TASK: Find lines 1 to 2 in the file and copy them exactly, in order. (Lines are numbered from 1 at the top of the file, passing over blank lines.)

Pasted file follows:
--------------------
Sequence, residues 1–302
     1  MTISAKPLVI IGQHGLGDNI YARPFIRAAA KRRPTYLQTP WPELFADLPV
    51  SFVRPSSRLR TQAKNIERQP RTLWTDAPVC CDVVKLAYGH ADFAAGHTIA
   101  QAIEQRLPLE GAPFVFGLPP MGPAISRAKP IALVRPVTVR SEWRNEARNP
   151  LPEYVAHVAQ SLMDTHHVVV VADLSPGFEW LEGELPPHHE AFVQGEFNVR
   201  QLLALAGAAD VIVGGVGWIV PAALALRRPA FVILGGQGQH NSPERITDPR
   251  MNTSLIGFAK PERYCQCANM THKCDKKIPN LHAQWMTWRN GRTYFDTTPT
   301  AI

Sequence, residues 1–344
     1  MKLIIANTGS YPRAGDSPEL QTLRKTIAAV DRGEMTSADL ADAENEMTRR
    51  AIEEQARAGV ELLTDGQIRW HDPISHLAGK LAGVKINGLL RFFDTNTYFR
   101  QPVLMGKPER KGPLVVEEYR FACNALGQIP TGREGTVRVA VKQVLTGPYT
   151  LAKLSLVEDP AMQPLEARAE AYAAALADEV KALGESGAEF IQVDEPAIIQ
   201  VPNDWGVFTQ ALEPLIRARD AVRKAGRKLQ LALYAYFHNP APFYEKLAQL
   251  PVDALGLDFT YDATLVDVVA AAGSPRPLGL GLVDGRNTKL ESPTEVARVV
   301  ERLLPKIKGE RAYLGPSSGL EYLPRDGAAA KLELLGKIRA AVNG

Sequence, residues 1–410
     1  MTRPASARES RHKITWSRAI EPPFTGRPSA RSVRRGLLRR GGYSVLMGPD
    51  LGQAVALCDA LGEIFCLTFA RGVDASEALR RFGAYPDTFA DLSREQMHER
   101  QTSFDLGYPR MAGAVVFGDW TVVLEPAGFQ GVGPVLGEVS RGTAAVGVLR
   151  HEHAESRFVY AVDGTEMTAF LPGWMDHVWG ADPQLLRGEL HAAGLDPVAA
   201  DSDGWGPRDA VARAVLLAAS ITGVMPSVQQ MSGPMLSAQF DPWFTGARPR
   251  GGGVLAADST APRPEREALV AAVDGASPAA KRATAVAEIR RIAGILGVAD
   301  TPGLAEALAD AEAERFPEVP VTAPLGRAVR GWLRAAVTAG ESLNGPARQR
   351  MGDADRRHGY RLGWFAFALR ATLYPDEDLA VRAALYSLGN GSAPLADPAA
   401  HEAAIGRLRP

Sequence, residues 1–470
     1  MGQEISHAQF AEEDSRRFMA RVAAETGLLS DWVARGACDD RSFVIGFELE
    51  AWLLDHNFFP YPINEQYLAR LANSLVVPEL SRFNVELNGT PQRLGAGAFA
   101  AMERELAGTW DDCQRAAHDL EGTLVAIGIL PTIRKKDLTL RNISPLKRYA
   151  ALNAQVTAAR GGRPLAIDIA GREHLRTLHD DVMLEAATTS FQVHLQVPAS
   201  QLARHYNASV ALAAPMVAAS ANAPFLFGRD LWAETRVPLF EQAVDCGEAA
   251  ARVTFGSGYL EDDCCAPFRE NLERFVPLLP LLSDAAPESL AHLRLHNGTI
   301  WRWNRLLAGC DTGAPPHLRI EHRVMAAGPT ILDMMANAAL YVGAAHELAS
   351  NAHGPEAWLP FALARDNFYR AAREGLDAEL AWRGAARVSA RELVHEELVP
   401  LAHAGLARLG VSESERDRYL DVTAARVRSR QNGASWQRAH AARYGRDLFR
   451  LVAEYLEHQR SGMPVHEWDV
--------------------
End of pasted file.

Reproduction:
Sequence, residues 1–302
     1  MTISAKPLVI IGQHGLGDNI YARPFIRAAA KRRPTYLQTP WPELFADLPV